Venous thromboembolism (VTE) is a well-established complication in cancer patients, with a 4- to 7-fold higher risk compared to noncancer patients . Anticoagulant treatment is crucial for managing acute VTE, but it poses a risk of bleeding, ranging from trivial to life-threatening. Patients with brain cancer face an elevated VTE risk. Treating them with anticoagulants is challenging due to the potential for intracranial hemorrhage (ICH), which may offset benefits .
The unique risk profile of patients with brain cancer has led to their exclusion or underrepresentation in VTE treatment trials, resulting in limited data on managing VTE in this specific population. The Registro Informatizado de Enfermedad TromboEmbólica (RIETE, NCT02832245) is an international registry tracking patients with acute VTE, aiming to collect data on clinical characteristics, treatment, and outcomes .
An analysis within the RIETE study focuses on patients with VTE and brain cancer, aiming to: I) provide insights into a substantial sample of this specific group; II) compare VTE outcomes in patients with active brain cancer, those with active nonbrain cancer, and those without cancer; III) offer information on the clinical course of VTE in patients with different types of active brain cancer, such as glioblastoma or other malignant brain cancers .
In this article, we summarize the key points of the analysis.
The study methods
The study enrolled consecutive patients with acute, symptomatic, objectively confirmed VTE from the RIETE Registry, spanning March 2001 to September 2022. Patients were categorized into three groups: I) those with active brain cancer, II) those with active nonbrain cancer, III) those without active cancer. Exclusion criteria included participants in blind medication trials and those not providing consent. Active cancer was defined within three months of incident VTE, including metastatic cancer or ongoing cancer therapy.
Treatment decisions were based on each hospital’s clinical practice, lacking standardization. The primary outcome was ICH at three months post-VTE diagnosis, with secondary outcomes including recurrent VTE, major bleeding, fatal ICH, fatal VTE, and death. ICH was confirmed by neuroimaging, major bleeding was clinically assessed, and VTE events were objectively confirmed. Baseline data, therapeutic strategies, and dosing of anticoagulant treatments were collected. Data quality control measures were implemented through regular monitoring, queries, and periodic visits to participating hospitals by contract research organizations.
The study findings indicate that individuals with active brain cancer are at an elevated risk of experiencing ICH and fatal ICH during anticoagulant treatment, surpassing the risks observed in patients with nonbrain cancer or those without cancer. Notably, the risk of ICH and fatal bleeding remains consistently high over time in patients with brain cancer following VTE, whereas the risk of fatal VTE peaks initially and stabilizes. Although the risks of recurrent VTE and major bleeding are similar in patients with active brain and nonbrain cancer, they are higher than in patients without cancer. Among various types of brain cancer, glioblastoma patients exhibit the highest risks of ICH, major bleeding, and VTE recurrences.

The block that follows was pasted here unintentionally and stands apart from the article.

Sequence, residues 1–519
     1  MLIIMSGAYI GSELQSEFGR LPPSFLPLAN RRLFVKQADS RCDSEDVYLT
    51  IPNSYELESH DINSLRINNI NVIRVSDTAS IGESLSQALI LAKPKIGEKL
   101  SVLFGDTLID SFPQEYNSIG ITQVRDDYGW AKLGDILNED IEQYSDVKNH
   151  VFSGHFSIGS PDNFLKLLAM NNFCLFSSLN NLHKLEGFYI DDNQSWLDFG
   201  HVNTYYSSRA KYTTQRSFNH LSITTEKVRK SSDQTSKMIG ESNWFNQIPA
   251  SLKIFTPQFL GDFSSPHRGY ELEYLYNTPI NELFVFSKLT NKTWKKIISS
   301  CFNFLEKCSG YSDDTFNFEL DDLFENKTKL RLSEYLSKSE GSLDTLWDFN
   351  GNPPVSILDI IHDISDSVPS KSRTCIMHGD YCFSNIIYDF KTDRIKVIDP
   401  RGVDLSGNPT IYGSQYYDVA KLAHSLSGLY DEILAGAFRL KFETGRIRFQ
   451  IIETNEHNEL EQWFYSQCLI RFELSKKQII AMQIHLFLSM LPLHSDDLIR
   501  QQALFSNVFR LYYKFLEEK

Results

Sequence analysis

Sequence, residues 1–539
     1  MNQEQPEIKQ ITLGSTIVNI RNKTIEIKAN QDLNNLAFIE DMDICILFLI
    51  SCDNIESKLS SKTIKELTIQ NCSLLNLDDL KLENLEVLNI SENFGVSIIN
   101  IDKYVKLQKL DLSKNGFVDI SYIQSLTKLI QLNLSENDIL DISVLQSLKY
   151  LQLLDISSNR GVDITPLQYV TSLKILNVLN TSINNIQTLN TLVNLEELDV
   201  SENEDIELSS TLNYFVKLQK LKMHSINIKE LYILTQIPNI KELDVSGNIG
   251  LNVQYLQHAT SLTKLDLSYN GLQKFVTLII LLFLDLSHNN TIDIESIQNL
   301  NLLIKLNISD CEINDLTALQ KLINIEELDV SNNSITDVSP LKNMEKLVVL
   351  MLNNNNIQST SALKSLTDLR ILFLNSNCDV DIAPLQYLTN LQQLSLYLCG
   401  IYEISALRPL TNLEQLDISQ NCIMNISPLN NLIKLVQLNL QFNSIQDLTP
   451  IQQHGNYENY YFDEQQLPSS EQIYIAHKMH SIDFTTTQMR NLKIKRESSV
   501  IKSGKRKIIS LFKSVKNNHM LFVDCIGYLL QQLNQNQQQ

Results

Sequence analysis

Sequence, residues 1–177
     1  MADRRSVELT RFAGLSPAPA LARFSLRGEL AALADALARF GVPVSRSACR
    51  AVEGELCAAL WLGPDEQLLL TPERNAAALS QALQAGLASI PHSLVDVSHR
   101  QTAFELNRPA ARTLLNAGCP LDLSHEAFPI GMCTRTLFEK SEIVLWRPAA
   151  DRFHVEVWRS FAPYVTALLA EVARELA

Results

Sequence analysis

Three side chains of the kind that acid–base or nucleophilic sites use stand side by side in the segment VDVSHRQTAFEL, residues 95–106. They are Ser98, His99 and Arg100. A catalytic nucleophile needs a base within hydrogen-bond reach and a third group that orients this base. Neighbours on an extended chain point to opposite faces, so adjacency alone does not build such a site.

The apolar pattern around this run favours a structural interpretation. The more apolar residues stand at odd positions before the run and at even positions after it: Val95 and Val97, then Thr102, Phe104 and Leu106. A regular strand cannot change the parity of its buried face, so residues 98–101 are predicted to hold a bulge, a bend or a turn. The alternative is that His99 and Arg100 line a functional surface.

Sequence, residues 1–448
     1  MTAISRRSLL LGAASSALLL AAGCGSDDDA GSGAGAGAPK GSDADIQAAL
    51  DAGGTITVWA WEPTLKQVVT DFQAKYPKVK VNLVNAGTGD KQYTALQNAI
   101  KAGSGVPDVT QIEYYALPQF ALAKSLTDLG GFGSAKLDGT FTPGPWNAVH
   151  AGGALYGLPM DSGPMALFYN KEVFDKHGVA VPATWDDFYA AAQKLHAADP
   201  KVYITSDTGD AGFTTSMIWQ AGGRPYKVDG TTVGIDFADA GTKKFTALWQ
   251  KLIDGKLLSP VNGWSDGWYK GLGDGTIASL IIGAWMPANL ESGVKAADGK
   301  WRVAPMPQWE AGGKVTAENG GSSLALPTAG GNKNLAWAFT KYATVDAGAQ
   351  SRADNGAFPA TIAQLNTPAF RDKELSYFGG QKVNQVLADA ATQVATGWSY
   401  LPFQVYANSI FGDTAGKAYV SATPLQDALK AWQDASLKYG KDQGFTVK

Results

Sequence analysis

It is noteworthy that the absolute risk of ICH in patients with brain tumors is significantly higher than in those without or with nonbrain cancer. The occurrence of major bleeding in brain cancer patients is predominantly intracranial, emphasizing the inherent risk of ICH in this population. Interestingly, there is an observed higher incidence of subtherapeutic doses of anticoagulants and vena cava filter insertion in brain cancer patients compared to other groups, possibly due to the perceived heightened risk of ICH.
While the reported rate of ICH in brain cancer patients is lower than in some previous studies, potential discrepancies may stem from differences in study design and follow-up duration. In this study, the 3-month follow-up period revealed major bleeds occurring predominantly during anticoagulant treatment.
Regarding recurrent VTE and fatal pulmonary embolism, the rates were similar in patients with brain and nonbrain cancer, suggesting comparable risks. However, limited data on recurrent VTE in brain cancer patients are available.
In patients with brain cancer, rates of ICH and fatal ICH during anticoagulant treatment increase over time, while fatal PE rates are higher initially and stabilize. This distinctive pattern is not observed in patients without cancer or with nonbrain cancer. Consequently, the study suggests the need for further investigation into anticoagulation regimens, such as early dose reduction in brain cancer patients, and explores the potential benefits of direct oral anticoagulants (DOACs).
Differentiating between types of brain cancer, the study identifies varying risks of major bleeding and ICH, with glioblastoma patients exhibiting the worst prognosis in terms of recurrent VTE and bleeding complications. Although small sample sizes limit definitive conclusions, these findings hold particular relevance due to the prevalence of glioblastoma among primary brain cancers.
Despite some limitations inherent in registry-based research, such as variability in anticoagulation regimens and potential underestimation of event frequencies, the study’s large sample size and consistency with previous literature support the reliability of its results.
In conclusion, individuals with brain cancer and VTE face substantial risks of ICH and fatal ICH, complicating anticoagulation decisions and underscoring the imperative need for further research to evaluate diverse treatment strategies for this specific population.
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